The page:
Fascial Integration Exercise – The fascia is the connective tissue that surrounds all of our muscles, bones, and organs. It separates structures from each other and allows for the smooth gliding of these structures, it also supports our body in its integrity and form. Our body is entirely connected through the fascia which is why you could perhaps feel a pull at the bottom of your foot when a therapist is working on your neck. After you have received bodywork, exercised, meditated, had a session with your spiritual director or psychotherapist, or just had a busy day it helps to process and integrate through connecting with your body as a whole.
Hydrotherapy – This is the use of water in a solid, liquid or gas used to positively affect our physiology, applied as heat or cold for vasodilation or vasoconstriction. Use of hydrotherapy to affect the whole body could include the following: sauna; hot tub; steam room; polar dip; cold water wash; snow or dew walking; hot or contrast hot and cold foot bathing. Regular use, particularly of the cold or contrast therapies has the potential of strengthening the constitution. *Check with your doctor if you have any health considerations prior to using these modalities. When using a sauna, hot tub or steam room place a cold towel around your neck and draped over.
Meditation – Prepare a space indoors or outdoors that creates safety and helps you to feel calm. Make sure that you are in a comfortable position and use pillows if necessary to support your body. Sit in stillness as best you can, but if you need to adjust to allow circulation to flow or to release a restriction in your body, do so mindfully and slowly to allow your nervous system to stay in a neutral tone. Generally, you sit to stay attentive, but if you wake in the night and use meditation at that time, you may stay in a reclined position so that you are ready to drift off.
Allowing a Neutral Mind – A calm, neutral mind may seem at times as distant and tenuous as the moon in this photo, but underneath the chatter of our thinking…….. is stillness. The nervous system calms here. A meditative awareness unfolds. Our thoughts are often compelled by our ego, and if we let the ego set the tone, we are forever bound and trying to figure out, fix, plan, process, alert; this can leave us charged with a busy energy. Remember, we can hear the layer of the ego and we can choose to listen to ‘the still, small voice’ underneath. As we do this there is a sense that stillness.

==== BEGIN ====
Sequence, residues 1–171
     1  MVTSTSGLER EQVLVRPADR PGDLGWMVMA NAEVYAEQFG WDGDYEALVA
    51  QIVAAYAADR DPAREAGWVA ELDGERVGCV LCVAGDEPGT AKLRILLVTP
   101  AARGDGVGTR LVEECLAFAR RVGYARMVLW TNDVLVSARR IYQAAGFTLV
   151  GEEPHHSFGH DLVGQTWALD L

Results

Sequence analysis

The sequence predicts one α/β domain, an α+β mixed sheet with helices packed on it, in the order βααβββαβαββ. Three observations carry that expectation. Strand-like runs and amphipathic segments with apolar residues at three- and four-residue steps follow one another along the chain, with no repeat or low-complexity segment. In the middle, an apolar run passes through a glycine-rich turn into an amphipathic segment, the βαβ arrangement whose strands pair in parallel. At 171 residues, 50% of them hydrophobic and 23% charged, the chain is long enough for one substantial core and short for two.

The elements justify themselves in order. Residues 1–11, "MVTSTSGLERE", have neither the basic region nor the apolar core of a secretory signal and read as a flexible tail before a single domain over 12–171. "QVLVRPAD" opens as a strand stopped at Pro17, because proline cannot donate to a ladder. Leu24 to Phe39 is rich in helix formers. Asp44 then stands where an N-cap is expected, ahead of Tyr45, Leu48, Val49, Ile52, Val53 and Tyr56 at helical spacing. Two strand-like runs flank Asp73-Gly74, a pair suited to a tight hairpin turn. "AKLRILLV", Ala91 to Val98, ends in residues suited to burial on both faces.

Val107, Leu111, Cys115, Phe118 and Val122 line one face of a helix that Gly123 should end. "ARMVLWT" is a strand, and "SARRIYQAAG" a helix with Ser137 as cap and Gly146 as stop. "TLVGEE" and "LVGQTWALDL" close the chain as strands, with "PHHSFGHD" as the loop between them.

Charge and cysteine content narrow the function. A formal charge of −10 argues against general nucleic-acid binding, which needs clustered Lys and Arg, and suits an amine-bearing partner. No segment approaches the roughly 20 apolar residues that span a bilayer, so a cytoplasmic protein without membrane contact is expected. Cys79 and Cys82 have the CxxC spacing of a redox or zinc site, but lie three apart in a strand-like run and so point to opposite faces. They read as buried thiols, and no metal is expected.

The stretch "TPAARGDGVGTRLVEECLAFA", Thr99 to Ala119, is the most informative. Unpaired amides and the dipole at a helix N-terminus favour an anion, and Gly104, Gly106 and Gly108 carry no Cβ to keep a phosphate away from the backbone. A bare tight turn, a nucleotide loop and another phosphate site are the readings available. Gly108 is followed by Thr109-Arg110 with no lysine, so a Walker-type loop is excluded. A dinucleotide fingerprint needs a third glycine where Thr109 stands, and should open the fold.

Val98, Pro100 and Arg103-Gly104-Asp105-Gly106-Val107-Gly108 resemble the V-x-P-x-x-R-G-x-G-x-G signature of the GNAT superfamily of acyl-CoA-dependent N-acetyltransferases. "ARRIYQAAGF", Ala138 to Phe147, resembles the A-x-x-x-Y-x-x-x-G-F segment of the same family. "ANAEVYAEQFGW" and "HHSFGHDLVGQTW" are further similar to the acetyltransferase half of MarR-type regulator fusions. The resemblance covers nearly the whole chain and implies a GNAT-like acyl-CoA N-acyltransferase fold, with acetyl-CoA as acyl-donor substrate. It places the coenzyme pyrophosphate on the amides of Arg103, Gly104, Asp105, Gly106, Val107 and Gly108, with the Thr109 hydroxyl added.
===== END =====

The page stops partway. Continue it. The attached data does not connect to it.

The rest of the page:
Wide Perceptual Awareness –We often function through our day focused and intent on tasks at hand. Perhaps we are moving forward to our next destination or concentrating and thinking. With these goals often goes an orientation from the pre-frontal cortex of the brain just behind the forehead. We may even find ourselves leaning forward ahead of our body affecting our posture and straining our necks and backs. After you ground and breathe, become aware of the horizon. Whether an actual or imagined horizon this allows for a more spacious feeling in your whole being.
Posture – To enjoy our movement and protect our body from strain we need to bring a mindfulness to our posture and the way we use our body. Walking with my dogs I feel such joy as I watch the beauty of their poise and grace or have a laugh at their silly abandon as they leap and jump about. They are alert, instinctive and interacting with their environment constantly. Many writings on posture point us to observe animals as we remember proper body use. Cranial work, Yoga, Tai Chi, Qigong and The Alexander Technique are all very helpful in reminding us to adjust and fine tune our movements. Through these disciplines.
Breathing – Lay in a comfortable position and give your belly a shake or gentle massage (if this induces laughter, all the better!) This helps you start to connect with your diaphragm which is located at the bottom of the rib cage. Ground yourself by feeling your back against the surface you are laying upon, and put your hands on your belly. Take a slow breath allowing your belly to rise as you feel your hands move up with the inhalation. It takes some practice to breathe into the belly first and not the chest. This is a simple place to start, opening the doorway to relaxation.
Inertial Fulcrums develop in our body as a result of stress in our system. This stress can originate from traumatic forces from outside of our body or it can be caused by postural or emotional strain from within. The force of gravity and the spinning of the earth can also affect our body as we interplay with our environment to maintain balance. Some stress, like movement through a shock absorber, will move in (or from within), through and out of our system, while other stress may create inertial fulcrums leading to dysfunction. These can potentially be freed with bodywork.
As a teen in art school my life drawing teacher said to me that it was as important to consider the space on the page as it was the placement of the shapes and lines. That awareness of space resonated in me and I remind myself of that idea when working with each person and their body. As the therapist allows for spaciousness in their contact, in their own body, in the pauses between techniques used; then the nervous system has time to integrate treatment. With this awareness of space and breath, there can be a listening and engaging with the fluid rhythm of the body.